- Ms. Widener's look at the debate amongst economists about STEM immigration.
- Linda Wang's story on the variety of folks affected by the immigration debate, including a diary of one chemist from Pakistan.
- A brief overview of the different kinds of visas, by Linda Wang.
- Just 2.2% of approved H1B visas for fiscal year 2011 were for "mathematical and physical sciences", which includes chemists.
- The "pharmaceutical and medicine manufacturing" sector accounted for 0.7% of H1B applications; by contrast, the computer systems design sector accounted for 39.5%.
- Doctoral degree holders (from abroad) accounted for just 11% of total applications, with 83% holding just a bachelor's or a master's degree.
- 64.8% of H1B visas holders were from either India (58%) or China (8.8%).
What is truly important is to have an immigration system that allows the best and brightest to come to the U.S. and stay here, says James Duderstadt, former University of Michigan president who has been on several National Academy of Sciences panels that recommend immigration reform. Most of the industrialized world has already made it easier for highly skilled scientists to immigrate, he says. The U.S. has not.
“We end up paying a lot for foreign students’ graduate education and then we show them the door,” Duderstadt says. “These people with advanced skills are worth their weight in gold.”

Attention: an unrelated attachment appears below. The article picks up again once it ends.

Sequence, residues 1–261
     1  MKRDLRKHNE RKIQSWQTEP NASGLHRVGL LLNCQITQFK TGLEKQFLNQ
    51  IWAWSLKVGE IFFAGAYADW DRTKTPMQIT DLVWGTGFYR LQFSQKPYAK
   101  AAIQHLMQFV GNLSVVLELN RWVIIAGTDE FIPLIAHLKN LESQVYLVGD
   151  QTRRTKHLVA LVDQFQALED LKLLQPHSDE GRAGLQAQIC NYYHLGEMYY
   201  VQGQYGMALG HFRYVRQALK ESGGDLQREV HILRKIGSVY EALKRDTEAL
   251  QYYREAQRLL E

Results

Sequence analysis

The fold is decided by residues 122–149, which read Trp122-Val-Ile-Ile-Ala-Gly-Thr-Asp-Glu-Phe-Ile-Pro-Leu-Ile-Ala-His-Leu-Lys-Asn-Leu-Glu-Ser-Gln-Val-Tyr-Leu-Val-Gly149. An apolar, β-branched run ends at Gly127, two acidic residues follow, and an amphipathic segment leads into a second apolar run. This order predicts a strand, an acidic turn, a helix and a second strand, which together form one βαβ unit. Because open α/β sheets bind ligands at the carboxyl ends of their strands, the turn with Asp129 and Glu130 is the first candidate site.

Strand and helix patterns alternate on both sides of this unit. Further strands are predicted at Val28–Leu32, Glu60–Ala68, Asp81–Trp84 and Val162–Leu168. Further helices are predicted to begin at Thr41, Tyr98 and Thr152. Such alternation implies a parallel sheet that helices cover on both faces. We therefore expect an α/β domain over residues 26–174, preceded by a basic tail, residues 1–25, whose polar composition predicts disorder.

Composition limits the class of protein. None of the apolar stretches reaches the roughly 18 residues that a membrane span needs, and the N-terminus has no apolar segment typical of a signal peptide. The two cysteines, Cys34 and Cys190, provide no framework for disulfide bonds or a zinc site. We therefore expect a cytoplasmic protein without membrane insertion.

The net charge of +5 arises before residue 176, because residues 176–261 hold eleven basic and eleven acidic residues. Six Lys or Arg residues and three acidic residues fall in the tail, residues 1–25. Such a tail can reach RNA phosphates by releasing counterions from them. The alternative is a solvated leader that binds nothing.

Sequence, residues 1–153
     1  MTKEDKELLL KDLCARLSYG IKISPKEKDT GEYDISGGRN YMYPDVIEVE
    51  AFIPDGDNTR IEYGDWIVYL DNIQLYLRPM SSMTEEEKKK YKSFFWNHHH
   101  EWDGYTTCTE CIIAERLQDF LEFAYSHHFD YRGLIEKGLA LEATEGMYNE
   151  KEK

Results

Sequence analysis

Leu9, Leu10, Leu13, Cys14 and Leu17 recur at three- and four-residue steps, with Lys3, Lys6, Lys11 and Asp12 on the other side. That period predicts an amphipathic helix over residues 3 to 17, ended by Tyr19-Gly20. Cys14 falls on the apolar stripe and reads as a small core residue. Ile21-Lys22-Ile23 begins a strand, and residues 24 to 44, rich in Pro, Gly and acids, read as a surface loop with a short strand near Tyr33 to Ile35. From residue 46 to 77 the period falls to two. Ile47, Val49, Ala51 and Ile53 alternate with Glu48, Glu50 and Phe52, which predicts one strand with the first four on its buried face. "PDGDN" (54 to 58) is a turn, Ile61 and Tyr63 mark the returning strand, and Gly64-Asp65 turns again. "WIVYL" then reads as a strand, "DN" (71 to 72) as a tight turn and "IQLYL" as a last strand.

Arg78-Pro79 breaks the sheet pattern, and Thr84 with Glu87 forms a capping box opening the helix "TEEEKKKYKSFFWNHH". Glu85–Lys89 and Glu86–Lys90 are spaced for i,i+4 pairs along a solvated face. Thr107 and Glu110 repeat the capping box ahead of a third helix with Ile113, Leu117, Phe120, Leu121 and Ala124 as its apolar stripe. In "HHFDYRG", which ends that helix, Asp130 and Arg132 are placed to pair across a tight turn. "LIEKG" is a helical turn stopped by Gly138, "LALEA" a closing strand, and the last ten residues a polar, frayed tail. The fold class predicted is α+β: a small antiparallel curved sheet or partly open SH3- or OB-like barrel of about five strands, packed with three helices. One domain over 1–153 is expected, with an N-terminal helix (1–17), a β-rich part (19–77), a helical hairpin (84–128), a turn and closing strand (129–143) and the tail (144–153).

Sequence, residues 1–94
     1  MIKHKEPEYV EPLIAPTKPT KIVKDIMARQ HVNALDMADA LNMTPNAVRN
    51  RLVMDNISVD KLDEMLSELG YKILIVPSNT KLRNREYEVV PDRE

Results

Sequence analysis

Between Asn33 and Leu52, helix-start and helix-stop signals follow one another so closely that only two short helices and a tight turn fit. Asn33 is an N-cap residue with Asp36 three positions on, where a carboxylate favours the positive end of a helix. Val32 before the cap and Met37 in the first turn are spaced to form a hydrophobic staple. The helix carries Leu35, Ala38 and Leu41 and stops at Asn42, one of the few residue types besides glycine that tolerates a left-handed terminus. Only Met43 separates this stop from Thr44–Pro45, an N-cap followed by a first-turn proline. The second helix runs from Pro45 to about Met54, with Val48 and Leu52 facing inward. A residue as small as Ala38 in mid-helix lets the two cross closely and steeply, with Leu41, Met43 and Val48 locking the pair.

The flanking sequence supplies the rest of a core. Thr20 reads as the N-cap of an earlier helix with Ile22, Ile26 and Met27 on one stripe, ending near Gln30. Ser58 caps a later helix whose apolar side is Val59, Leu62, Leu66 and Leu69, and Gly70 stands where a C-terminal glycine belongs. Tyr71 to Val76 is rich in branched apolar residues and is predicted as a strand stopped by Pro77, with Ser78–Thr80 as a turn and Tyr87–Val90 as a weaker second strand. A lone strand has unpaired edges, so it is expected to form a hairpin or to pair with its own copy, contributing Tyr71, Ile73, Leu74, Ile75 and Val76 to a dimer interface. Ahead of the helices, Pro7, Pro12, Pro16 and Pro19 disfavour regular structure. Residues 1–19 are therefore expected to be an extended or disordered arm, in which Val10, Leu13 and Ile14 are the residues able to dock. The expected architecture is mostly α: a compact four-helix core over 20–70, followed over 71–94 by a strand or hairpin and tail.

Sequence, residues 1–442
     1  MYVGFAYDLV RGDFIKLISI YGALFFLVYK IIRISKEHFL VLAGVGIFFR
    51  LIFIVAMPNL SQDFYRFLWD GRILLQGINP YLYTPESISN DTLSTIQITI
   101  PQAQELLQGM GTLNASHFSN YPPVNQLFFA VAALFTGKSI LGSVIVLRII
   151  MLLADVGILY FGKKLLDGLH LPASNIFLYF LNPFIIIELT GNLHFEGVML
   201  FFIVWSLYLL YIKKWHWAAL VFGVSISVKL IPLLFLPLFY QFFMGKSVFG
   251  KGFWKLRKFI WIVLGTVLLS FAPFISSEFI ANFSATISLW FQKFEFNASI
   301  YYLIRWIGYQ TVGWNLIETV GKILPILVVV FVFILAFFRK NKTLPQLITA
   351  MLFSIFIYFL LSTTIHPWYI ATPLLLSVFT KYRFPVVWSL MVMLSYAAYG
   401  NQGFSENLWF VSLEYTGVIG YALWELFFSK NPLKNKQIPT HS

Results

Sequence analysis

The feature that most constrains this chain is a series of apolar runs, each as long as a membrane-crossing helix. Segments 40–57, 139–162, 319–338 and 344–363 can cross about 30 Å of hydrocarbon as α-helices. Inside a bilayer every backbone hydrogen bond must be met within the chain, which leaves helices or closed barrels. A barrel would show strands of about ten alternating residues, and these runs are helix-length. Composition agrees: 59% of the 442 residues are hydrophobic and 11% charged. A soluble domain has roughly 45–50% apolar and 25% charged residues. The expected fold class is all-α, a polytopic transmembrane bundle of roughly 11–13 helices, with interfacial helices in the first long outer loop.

It is those highly skilled workers that the chemical company Air Products & Chemicals seeks out. “Our objective is to find the right talent and to be blind to the circumstances around them,” says Martha Collins, director of the Global Technology Centers at the company. And if the perfect employee happens to need a visa, the company will work with them to make that happen.
And some degree fields don’t need more workers. The life sciences are one of the sectors where wages are falling in most analyses. Last year it was specifically excluded from a bill expanding H-1B visas offered by the Judiciary Committee chair at the time, Rep. Lamar S. Smith (R-Texas). The bill passed the House but was not taken up in the Senate and died at the end of 2012.
And going home to visit? Forget it. Pius O. Adelani, a postdoc in the department of chemistry and biochemistry at the University of Notre Dame, in Indiana, who is from Nigeria, has not returned home since he arrived in the U.S. in 2007 to start a Ph.D. program. He knew there was a chance he could be denied a reentry visa, which would have meant that he’d have to terminate his Ph.D. training. “I didn’t want to take that risk,” he says. Now that he’s completed his Ph.D., he is hoping to visit his father and siblings in Nigeria soon.